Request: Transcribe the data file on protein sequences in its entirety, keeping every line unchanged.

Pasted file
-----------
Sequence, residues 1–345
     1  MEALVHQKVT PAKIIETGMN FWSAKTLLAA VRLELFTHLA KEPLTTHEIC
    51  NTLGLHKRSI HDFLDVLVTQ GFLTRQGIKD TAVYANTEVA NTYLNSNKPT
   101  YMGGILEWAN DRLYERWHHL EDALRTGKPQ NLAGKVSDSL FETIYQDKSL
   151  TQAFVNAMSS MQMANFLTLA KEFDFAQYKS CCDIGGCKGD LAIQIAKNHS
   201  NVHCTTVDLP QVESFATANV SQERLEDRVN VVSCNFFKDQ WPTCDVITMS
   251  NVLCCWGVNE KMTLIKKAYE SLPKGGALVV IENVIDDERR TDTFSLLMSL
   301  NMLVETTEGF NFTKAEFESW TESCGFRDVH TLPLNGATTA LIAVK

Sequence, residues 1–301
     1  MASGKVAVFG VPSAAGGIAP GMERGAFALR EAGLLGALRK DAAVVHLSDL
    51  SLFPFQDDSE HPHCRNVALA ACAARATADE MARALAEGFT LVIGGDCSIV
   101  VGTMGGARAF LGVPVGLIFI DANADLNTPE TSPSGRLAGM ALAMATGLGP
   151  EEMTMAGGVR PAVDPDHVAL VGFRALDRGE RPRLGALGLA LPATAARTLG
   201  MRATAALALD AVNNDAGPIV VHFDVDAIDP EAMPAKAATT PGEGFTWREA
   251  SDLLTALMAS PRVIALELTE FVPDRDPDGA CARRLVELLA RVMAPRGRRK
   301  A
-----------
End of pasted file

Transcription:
Sequence, residues 1–345
     1  MEALVHQKVT PAKIIETGMN FWSAKTLLAA VRLELFTHLA KEPLTTHEIC
    51  NTLGLHKRSI HDFLDVLVTQ GFLTRQGIKD TAVYANTEVA NTYLNSNKPT
   101  YMGGILEWAN DRLYERWHHL EDALRTGKPQ NLAGKVSDSL FETIYQDKSL
   151  TQAFVNAMSS MQMANFLTLA KEFDFAQYKS CCDIGGCKGD LAIQIAKNHS
   201  NVHCTTVDLP QVESFATANV SQERLEDRVN VVSCNFFKDQ WPTCDVITMS
   251  NVLCCWGVNE KMTLIKKAYE SLPKGGALVV IENVIDDERR TDTFSLLMSL
   301  NMLVETTEGF NFTKAEFESW TESCGFRDVH TLPLNGATTA LIAVK

Sequence, residues 1–301
     1  MASGKVAVFG VPSAAGGIAP GMERGAFALR EAGLLGALRK DAAVVHLSDL
    51  SLFPFQDDSE HPHCRNVALA ACAARATADE MARALAEGFT LVIGGDCSIV
   101  VGTMGGARAF LGVPVGLIFI DANADLNTPE TSPSGRLAGM ALAMATGLGP
   151  EEMTMAGGVR PAVDPDHVAL VGFRALDRGE RPRLGALGLA LPATAARTLG
   201  MRATAALALD AVNNDAGPIV VHFDVDAIDP EAMPAKAATT PGEGFTWREA
   251  SDLLTALMAS PRVIALELTE FVPDRDPDGA CARRLVELLA RVMAPRGRRK
   301  A